When I am faced with a career decision or question, or when I’m deciding whether or not to pursue or accept a new project, I envision a set of three circles: impact, joy, and financial sustainability. The three questions I ask and answer are:
Does my work have positive impact?
Does my work bring joy to me and to others?
Does my work provide financial sustainability?
Of course, these three categories can be seen as being in opposition to one another — more joy may lead to less impact and less money. A job that earns more money may lead to less joy. Ideally, I want a situation that elicits a strong positive answer to all three questions. I don’t need each aspect to be literally equal. I’m not expecting perfect balance. Many times I’m willing to sacrifice money and joy for impact. Often for me, however, impact is the most important. It’s why I work. But, I also need to pay the bills, and without joy, what impact can I have?
Asking these questions helps me to have more clarity about where I put attention, and to find balance when I experience imbalance. Just applying these criteria shifts my focus away from fear and worry. Asking these questions shifts my attention from my day-to-day concerns to something larger:
What is it I’m offering? How do I want to show up? How do I want to live?
Impact may mean helping one person, a team, a company, a community, or a nation. Impact can mean scale or it can mean depth. I remember once being upset when only six people registered for a workshop I was leading. I was hoping for a larger group. When I mentioned this to my son, his response was, “Dad, even if you can positively impact the life of one person, isn’t that enough?” I appreciated the sentiment, but to be honest, in the moment I wasn’t sure. However, the workshop with six people turned out to be wonderful. A small community formed out of it and went on to meet several additional times over the course of the year.
The question of impact asks us to consider what role we want to play and how our work serves others. Answering this question supports us in working effectively. Particularly if you feel “stuck” in a position that, for financial or other reasons, you can’t leave, ask yourself:
How am I currently impacting others? How can I increase this impact in more satisfying ways?
Sometimes, our current lives possess more potential than we realize. There are many ways, small and large, to positively impact others in our work.
We usually don’t think of joy as being important in our work. Why is that? Most of us spend more time at work than any other place in our lives. Why not look for ways to bring a sense of lightness and enjoyment to what we do as employees or employers?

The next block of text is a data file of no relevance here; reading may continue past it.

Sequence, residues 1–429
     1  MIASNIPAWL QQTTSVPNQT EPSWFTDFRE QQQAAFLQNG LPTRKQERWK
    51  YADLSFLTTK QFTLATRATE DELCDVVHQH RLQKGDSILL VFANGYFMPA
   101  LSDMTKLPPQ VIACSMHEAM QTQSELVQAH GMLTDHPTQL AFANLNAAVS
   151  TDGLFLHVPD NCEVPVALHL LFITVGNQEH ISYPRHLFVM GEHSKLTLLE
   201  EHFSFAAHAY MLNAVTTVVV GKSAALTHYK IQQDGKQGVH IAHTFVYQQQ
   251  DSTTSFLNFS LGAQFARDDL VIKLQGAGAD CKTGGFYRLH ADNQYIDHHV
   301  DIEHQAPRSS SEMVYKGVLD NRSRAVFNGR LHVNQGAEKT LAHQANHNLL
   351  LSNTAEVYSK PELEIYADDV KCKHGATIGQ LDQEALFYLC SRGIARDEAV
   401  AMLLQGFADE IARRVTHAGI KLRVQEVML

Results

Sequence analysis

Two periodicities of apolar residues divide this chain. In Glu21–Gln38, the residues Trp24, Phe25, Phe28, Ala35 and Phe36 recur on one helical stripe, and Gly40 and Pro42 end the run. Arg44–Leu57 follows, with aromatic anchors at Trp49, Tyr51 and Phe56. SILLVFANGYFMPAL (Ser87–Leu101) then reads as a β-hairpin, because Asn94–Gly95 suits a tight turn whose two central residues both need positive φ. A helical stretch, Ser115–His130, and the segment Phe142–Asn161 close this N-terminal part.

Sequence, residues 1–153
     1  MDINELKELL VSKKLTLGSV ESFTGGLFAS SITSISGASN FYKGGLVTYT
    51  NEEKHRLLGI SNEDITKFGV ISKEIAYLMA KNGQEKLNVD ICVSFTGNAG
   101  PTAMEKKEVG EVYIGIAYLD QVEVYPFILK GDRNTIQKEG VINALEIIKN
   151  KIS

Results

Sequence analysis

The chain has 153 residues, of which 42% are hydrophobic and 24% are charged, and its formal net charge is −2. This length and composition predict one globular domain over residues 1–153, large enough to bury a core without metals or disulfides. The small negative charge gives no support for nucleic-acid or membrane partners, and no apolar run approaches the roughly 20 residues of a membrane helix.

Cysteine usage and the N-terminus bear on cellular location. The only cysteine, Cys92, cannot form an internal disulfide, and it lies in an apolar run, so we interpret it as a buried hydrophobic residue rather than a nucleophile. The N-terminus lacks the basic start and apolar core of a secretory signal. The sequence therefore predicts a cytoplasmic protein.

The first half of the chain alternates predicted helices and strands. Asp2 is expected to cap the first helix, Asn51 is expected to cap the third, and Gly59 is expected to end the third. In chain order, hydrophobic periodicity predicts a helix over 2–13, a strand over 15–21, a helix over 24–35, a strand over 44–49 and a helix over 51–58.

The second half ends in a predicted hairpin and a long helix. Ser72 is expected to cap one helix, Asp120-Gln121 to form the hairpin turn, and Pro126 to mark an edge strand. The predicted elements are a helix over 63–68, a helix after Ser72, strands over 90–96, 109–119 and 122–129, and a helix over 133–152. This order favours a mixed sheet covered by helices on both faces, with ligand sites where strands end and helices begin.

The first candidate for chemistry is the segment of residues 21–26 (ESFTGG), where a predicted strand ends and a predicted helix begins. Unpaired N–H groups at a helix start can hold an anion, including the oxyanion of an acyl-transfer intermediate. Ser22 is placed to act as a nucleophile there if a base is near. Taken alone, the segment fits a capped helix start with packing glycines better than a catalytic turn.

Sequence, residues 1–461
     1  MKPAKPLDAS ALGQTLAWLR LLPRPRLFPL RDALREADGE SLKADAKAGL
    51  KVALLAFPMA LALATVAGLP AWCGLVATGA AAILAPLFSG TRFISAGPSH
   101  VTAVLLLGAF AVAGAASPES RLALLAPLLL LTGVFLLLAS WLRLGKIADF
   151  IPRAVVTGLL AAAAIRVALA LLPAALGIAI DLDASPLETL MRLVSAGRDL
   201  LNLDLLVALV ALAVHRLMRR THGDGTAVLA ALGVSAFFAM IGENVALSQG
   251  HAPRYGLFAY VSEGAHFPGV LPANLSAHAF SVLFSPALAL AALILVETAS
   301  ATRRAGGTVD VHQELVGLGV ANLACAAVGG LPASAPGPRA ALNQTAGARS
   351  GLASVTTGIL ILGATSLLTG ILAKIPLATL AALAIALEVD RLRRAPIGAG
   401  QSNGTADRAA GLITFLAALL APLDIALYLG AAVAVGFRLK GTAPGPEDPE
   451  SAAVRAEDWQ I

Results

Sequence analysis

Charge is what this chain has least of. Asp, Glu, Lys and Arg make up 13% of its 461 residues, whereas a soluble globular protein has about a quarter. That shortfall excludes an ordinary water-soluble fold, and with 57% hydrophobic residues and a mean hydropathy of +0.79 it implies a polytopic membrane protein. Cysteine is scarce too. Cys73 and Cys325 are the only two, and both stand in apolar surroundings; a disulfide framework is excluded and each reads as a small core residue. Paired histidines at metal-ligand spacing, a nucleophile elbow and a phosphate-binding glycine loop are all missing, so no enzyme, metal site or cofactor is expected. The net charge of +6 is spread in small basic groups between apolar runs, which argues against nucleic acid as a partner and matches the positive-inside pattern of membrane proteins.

This criteria of joy also raises the question: what do you really like doing? What is nourishing, challenging, and interesting to you? Is what you are currently doing aligned with the answers to these questions? What steps might you take to bring your work more in line with a sense of joy?
Thankfully, joy is the circle that is most within our control. No job, no experience, is perpetually, continually, purely joyful; pain, difficulty, and impermanence will arise whatever our circumstances. Even a “dream” job will have its nightmare moments. So this question challenges us to find the joy within any and every situation. A certain type of joy exists in any job well done, and that satisfaction in accomplishment is often directly related to our self-confidence. Paying attention to and cultivating self-confidence can also be a way to cultivate more joy.
Money and issues of financial stability are complex and personal. We all need to pay the bills, to earn enough income to meet our basic needs. This is no small matter. Indeed, sometimes this arena trumps all others: to earn what we need, to feed and house ourselves and our families, we have “no choice” but to take (or stay in) certain jobs. Considerations of joy and impact may seem like unaffordable luxuries in comparison.
What is financial sustainability? What is “enough”? Would this be a better, more satisfying choice than taking a job solely because of its salary? People sometimes make income-based work decisions with the belief that earning more money brings more joy and impact. Other times, people seek money as a response to fear or a desire for power. What purposes does money serve for you? Even if we are not in a position to change jobs, this is a question that deserves close examination.
Making a career decision can be tricky. Next time you’re faced with doing so, try asking yourself these three questions and consider how useful and clarifying the answers are in your work, and life:
- What’s the impact?
- Does it bring me joy?
- Does it bring me financial sustainability?
Notice the tensions and conflicts in your answers. Do they point toward some effective, wise career decision that needs to be made?